Another benefit of back-to-backs is that you can practice running on tired legs.

Your body will need to deal with more stress and, in turn, learn to recover more efficiently. This will come in handy during the last leg of any race and is especially helpful when training for stage races.

The body’s ability to continue pushing on for hours (or days!) on end requires an immense amount of aerobic capacity and mental grit, both acquired by running back-to-backs.

See also: 11 Tips To Nail Your Long Run On A Treadmill

How to do it:

Divide your peak weekend mileage in two, and run one part on Saturday and the second part on Sunday, or any two consecutive days. Rest on the third day to allow your body to recover properly. 

Back-to-backs can be split up in a variety of ways and will depend on your level and specific goal, but here are some examples: 

Day 1              Day 2

50% 50%

60% 40%

70% 30%

Long Run Variations for Trail and Road Runners

#3: Fast Finish Long Run

This long-run variation can be used on the road or the trails. 

Many runners tend to burn out at the end of a race, so it’s helpful to practice a strong finish to have some oomph at the end.

When you know the finish line is approaching, it’s great to know you still have some gas in the take to push through when the going gets tough.

How to do it:

Choose a terrain similar to that of your upcoming race.

Run 80% of your time or mileage at your easy, conversation pace, and the last 20% at your goal race pace or a faster pace if you can.

If you are training for a marathon, end with your goal marathon pace or even a tempo run pace or half marathon pace if you can. These long run workouts are great practice for a strong finish.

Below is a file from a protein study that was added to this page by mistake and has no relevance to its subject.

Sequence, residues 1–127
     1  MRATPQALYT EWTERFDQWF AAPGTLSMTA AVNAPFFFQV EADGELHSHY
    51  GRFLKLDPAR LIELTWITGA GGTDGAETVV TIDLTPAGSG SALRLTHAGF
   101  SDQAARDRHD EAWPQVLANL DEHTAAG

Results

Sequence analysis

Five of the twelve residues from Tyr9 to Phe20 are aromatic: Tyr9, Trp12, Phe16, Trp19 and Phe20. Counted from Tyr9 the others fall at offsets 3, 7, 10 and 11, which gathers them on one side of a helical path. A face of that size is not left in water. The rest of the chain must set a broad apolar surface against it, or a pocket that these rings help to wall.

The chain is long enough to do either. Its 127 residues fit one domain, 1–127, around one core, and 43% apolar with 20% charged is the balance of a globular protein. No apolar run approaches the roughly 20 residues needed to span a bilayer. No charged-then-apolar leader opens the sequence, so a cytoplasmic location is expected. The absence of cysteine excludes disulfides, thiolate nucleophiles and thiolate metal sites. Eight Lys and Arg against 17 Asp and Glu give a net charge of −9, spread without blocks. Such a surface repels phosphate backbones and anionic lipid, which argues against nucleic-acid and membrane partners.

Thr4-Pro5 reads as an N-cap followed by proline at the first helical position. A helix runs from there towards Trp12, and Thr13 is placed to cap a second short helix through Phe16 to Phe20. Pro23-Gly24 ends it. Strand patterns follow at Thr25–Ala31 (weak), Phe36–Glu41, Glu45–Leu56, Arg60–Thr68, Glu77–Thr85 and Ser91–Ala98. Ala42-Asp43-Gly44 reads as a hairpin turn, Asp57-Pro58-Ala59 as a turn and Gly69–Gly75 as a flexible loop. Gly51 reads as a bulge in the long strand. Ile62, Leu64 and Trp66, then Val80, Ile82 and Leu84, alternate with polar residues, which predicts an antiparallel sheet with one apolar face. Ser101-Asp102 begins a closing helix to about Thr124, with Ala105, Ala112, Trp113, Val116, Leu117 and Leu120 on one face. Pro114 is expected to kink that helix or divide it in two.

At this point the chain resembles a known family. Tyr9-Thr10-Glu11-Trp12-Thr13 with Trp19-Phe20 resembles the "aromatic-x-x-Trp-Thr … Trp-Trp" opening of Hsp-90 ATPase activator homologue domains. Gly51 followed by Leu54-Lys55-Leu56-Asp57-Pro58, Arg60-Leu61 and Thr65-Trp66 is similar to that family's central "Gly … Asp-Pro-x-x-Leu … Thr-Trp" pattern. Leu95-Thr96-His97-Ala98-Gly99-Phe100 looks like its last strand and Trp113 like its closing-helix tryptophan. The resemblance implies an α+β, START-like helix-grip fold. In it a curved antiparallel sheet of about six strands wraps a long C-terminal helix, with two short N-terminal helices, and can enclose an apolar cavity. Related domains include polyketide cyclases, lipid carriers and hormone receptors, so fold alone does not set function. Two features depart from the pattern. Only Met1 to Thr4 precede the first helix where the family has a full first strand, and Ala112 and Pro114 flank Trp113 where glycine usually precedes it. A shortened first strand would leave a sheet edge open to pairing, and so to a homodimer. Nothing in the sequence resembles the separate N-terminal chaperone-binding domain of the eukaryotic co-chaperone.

#4: Progression Long Run

Running a perfect negative split race is every marathon runner’s dream.

It’s a challenging goal but quite an accomplishment if you can make it happen.

If it’s your goal, try out this marathon long run variation.

How to do it:

Choose a route similar to your race setting and run the first third at easy pace, the second third at race pace, and the last third at a few seconds faster than your race pace.

Long Run Variations for Trail and Road Runners

#5: Interval Long Runs

This long-run variation is very effective for practicing your goal race pace and incorporates speed work into steady-state long runs.

After taking a test and establishing your race pace, you want to gradually work it into your long runs. 

In these workouts, you will alternate easy pace and race pace, incrementing race pace and decreasing easy pace as you progress. In this example we will look at marathon-specific training.

How to do it:

Choose a route similar to the conditions you will encounter in your marathon. 

Use this progression when you are in your race-specific training cycle.

Whether you are training time-based or mileage-based, you simply repeat the intervals for the entirety of your established long run. 

Week 1: 4 kilometers Easy Pace / 1 kilometer Marathon Pace
Week 2: 3 kilometers Easy Pace / 1 kilometer Marathon Pace 
Week 3: 3 kilometers Easy Pace / 2 kilometers Marathon Pace 
Week 4: 2 Kilometers Easy Pace / 2 Kilometers Marathon Pace
Week 5: 2 Kilometers Easy Pace / 3 Kilometers Marathon Pace

These intervals can also be used in trail running. However, effort-based training will need to be used instead of pace-based training. The constant terrain and elevation changes are often too great to sustain specific paces.

Effort-based training would look like this: 

Week 1: 4 kilometers RPE 2-4 / 1 kilometer RPE 5-6
Week 2: 3 kilometers RPE 2-4 / 1 kilometer RPE 5-6

and so on.

Long Run Variations for Trail and Road Runners

Trail-Specific Long Runs

Trail running incorporates a lot of extra factors that road running does not, such as challenging and constantly changing terrain and accumulated meters gained and lost.

There are a lot of trail ultramarathons where you will need to climb steep slopes and then have your legs ready to speed back down them.